Steel is highly recycled already, with structural steel being 93 % recycled. Currently, 97 % of discarded automotive steel is used in new cars and other products. The market position for aluminum is also good; 75% of all aluminum ever produced is still in use today. No need for government interference; this has happened because of the marketplace.
Plastics recycling took a hit in 2019 when China stopped accepting “recyclables,” and it has yet to recover because of technical reasons that transcend politics and the “visionaries” in local government. Mechanical recycling involves grinding and remelting the plastic into a stream suitable for molding, but only a few types (out of thousands) of plastics can be so reprocessed. My son-in-law, for example, tried to “recycle” plastic beverage bottles for use in his 3-D printer, with only spotty results.
Chemical plastic recycling appeared on the scene about 15-20 years ago. The idea was to chemically process any plastic into a liquid fuel or feed resin. However, the processes that were touted all used very high-temperature and pressure batch reactors, the worst combination in chemical engineering. Now, this is something I understand firsthand, having invented a fluid measurement metrology in 2006 that has been used on nearly all liquid fuels and reclaimed products. (I can provide many peer-reviewed articles in the scientific literature on this topic.)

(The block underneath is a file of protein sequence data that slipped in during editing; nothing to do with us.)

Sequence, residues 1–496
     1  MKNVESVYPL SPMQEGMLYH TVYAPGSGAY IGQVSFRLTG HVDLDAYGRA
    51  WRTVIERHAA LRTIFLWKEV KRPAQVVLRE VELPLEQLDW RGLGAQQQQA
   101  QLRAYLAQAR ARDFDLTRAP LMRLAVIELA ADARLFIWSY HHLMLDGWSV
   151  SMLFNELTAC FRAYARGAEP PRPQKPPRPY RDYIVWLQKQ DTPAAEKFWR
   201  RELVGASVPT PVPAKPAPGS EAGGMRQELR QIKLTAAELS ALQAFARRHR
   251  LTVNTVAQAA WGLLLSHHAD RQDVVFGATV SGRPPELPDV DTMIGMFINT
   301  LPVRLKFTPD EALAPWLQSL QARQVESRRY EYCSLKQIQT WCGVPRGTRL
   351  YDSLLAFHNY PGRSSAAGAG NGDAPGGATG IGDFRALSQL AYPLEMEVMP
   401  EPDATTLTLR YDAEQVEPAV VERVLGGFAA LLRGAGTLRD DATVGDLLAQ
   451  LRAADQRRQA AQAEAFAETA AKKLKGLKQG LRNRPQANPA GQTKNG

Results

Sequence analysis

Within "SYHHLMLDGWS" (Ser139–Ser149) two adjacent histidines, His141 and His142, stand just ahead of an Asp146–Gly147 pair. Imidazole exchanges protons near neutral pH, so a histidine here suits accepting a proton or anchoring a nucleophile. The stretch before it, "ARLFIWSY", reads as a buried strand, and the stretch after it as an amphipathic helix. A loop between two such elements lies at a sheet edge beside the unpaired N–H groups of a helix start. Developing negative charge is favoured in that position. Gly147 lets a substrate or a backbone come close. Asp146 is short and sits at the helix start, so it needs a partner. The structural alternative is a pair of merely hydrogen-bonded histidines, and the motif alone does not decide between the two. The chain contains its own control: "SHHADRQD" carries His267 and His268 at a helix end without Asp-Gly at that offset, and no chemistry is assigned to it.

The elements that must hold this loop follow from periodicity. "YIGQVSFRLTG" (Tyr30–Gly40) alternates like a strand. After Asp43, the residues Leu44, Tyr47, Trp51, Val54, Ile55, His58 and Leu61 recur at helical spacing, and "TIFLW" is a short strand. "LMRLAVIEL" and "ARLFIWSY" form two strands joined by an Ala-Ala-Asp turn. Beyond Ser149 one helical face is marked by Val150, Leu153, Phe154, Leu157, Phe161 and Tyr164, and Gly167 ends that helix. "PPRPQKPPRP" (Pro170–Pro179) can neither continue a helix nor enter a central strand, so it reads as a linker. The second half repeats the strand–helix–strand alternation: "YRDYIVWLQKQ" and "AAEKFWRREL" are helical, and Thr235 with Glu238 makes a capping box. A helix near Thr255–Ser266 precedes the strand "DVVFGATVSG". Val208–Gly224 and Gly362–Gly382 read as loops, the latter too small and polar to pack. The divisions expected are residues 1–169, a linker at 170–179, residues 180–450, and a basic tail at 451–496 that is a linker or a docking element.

Chemically recycling waste plastics has been an unmitigated disaster, resulting in product streams with far worse properties than virgin feedstocks. Conclusion: we are nowhere near being able to handle a zero-waste approach to plastics, and no amount of wish-cycling disinformation from the left will not change that. Indeed, most plastics that folks put in their recycle bins are routed to landfill.